A hurtful Christmas for the Budds
Our blog is primarily about our experience in learning to live locally. I’ve written articles about growing food, seeds, keeping cows, dairying, making medicine using local plants and about developing harmony with nature. Lately I’ve included a few posts about the things going on in the world that could cause people to have to live in the way that we are learning to live. There is another dimension to this local living, and that is the social/psychological dimension.
Every year our family that consists of my Mom, my sister and her family, my brother and his family and our family make an effort to get together. We also include friends such as our Iraqi friends the Zuhares, my Mom’s neighbor, Judy or the Inouyes if they are in town. This year my Mom called and told me that it would be just her, her husband and our family of three (Billy, me and our daughter, Radha) for lunch on Christmas. I was really surprised and asked why my siblings or their families weren’t coming. After some hemming and hawing, my Mom explained that the rest of the family would be celebrating on Christmas Eve and that they didn’t want us there. Please keep in mind that our family is composed of a fairly “normal” cross segment of society and we’ve tolerated drunken behavior from particular family members, various types of obnoxious behavior such as sullenness from teens and the usual array of rudeness or semi-rudeness. It was my feeling that the meaning of Christmas is for a family to put differences aside and spend a day to try to appreciate the family members and spread good cheer.
“Why don’t you want us there?” I asked my Mom.<>
“Well they want to eat meat,” she replied initially. It is true that we don’t attend the Thanksgiving get-together because we find the dead bird on the table to be off-putting.
“Mom, we tolerate meat-eating all the time. We’re going to a New Year’s party where there will be meat and we still go.”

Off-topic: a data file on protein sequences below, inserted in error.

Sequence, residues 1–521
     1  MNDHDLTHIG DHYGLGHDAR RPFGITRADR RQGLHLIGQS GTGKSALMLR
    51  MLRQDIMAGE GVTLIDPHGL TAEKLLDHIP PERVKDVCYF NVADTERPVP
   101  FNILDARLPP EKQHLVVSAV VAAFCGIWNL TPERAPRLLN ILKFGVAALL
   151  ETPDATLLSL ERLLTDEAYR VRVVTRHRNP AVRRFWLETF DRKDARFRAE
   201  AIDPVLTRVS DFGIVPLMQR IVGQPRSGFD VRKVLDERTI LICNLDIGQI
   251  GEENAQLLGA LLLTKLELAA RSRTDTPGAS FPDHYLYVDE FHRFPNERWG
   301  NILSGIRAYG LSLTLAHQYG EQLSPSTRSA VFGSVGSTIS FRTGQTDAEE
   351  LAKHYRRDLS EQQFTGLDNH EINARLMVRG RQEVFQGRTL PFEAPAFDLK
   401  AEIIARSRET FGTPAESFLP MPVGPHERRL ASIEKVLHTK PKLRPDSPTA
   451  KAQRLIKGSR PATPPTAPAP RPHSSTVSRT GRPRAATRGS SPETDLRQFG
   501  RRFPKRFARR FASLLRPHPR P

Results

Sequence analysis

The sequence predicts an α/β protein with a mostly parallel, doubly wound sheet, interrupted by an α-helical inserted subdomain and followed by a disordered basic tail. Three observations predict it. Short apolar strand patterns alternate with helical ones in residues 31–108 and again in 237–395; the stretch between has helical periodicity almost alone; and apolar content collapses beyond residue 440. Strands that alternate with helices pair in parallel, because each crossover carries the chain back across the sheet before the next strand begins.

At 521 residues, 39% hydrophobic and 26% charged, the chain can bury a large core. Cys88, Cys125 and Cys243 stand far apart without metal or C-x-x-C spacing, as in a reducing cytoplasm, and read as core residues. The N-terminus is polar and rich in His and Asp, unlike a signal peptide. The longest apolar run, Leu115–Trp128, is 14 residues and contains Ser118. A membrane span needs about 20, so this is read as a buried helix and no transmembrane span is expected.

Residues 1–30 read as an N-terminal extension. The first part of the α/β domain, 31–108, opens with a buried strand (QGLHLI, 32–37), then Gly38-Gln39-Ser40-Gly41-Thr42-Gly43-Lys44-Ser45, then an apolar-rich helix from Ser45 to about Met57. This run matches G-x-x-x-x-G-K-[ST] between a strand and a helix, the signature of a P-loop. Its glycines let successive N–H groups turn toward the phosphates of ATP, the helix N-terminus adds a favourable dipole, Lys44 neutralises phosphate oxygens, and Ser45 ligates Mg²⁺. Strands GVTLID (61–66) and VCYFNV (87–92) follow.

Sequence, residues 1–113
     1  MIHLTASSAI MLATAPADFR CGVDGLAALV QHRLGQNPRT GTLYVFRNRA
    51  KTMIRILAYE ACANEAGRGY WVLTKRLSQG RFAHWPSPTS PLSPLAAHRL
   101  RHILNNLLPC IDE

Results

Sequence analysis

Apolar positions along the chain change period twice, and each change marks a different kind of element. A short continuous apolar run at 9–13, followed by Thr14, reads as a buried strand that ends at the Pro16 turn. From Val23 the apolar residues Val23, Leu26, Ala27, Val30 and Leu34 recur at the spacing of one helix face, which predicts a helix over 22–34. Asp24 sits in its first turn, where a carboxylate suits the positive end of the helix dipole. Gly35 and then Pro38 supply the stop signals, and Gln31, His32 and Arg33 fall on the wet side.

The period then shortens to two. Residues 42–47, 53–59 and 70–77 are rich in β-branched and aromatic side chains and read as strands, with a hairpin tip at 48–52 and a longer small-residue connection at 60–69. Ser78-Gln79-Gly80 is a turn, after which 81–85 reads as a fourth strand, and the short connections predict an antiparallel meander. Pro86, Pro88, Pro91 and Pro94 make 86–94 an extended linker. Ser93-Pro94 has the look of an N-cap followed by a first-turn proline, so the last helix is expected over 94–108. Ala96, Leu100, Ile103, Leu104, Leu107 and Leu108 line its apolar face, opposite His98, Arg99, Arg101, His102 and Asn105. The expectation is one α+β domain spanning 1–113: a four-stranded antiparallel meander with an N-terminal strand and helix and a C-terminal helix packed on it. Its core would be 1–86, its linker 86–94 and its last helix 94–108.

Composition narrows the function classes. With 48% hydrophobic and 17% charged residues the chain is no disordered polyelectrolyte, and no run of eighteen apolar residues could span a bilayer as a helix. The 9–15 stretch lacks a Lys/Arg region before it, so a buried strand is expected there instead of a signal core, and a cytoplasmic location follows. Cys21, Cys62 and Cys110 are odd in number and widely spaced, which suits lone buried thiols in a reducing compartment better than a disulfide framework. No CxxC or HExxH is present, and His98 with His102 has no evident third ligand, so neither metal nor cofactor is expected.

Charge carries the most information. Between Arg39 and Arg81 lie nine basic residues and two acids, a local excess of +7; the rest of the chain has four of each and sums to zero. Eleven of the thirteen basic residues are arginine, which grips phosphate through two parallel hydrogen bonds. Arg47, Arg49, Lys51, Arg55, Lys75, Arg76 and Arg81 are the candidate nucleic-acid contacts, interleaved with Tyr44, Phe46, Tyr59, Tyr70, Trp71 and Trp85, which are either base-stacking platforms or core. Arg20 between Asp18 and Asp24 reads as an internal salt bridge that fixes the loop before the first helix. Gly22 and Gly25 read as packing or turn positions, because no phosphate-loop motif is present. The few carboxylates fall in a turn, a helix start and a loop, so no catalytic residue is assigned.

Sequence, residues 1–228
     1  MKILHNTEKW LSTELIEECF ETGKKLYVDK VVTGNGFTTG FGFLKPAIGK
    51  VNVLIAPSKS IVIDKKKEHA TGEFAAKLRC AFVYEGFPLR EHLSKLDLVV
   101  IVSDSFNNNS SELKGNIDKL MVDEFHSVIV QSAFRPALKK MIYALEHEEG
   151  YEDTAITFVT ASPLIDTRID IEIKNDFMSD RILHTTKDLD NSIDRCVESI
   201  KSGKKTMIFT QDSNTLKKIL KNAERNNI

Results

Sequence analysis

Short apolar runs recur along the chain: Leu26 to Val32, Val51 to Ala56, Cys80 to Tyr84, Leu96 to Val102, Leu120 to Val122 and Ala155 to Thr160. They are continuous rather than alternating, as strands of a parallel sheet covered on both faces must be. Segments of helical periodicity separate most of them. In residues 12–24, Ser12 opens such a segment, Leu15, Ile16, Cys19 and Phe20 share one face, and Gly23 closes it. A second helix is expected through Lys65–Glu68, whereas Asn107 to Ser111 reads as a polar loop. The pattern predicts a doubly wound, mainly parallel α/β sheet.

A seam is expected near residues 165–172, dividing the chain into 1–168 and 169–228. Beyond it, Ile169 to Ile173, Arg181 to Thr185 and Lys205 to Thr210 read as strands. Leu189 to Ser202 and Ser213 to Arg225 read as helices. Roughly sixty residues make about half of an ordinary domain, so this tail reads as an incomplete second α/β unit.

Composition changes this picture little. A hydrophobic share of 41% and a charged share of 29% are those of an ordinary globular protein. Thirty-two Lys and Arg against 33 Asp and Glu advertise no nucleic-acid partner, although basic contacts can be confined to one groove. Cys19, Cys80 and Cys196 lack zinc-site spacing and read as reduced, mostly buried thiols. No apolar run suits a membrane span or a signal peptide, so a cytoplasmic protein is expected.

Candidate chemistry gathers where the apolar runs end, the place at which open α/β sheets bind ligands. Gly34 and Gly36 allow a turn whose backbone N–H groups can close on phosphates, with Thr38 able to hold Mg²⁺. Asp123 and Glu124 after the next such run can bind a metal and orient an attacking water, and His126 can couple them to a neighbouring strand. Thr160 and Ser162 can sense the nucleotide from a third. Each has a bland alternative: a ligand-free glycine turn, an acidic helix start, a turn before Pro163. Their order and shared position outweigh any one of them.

“Well they also said that they were repulsed when you talked about drinking urine last year.”
“What? My sharing the cure to a serious chronic disease is more disgusting to them than eating the blood vessels, nerves and muscles of an animal that had been eviscerated?” I actually did use that come-back, although I don’t usually have such snappy replies. “And was it Don or Margaret who don’t want us there.”
“Both,” she replied. “But I really want you to come down to visit on Christmas.” It is a two and a half hour drive to Portland to see her.
We decided not to accept her invitation. For one thing it seems unreasonable to expect her to entertain two days in a row, and for another we aren’t so hot on being with someone who won’t stand up for us even when she tolerates drunkedness and other obnoxious behavior from others.
I spent the next day close to tears, feeling that I’d lost my family. Actually the only thing I’d lost was the illusion of having an extended family.
Billy and I have been discussing why, after all these years, we were rejected by our family. The meat-eating, urine therapy explanations given by my Mom don’t ring true. We don’t generally discuss the evils going on in the world, so it isn’t that they can think that we’re fear-mongering–something that could be quite unpalatable at a family gathering. However we do talk about our adventures in learning to live locally. That might be akin to telling a group of people who had happily set up a permanent, comfortable camp right on train tracks. We’re like the people saying, “Wow, it is wonderful here off of these train tracks.” And the people with their comfortable camp can now hear the train approaching and blowing it’s whistle. But they are so comfortable that they don’t want to get off the track and would prefer to think that if they ignore the approach of the train that it will go away. And here are the Budds saying, “life is great off the tracks.” To those addicted to their comfortable lifestyle, even acknowledging someone who is living off the tracks is disturbing.
We made changes in our lifestyle four or five years ago to adjust to what we saw coming. At that time most people thought we were crazy. Today most people understand what we are doing but few are making the change. We may live like peasants but we eat like kings. We work harder than most people at our household chores, but we are producing something and that is what seems to be lacking in our county. Our goal is to be a good example to others, especially the children. It would have been nice if our in-laws and outlaws were part of our future but it does not appear to be so.
***Note: Since I posted this yesterday, I’ve had so many comments and personal e-mails of support. Thank you all. It makes me feel so much better and loved! Merry Christmas!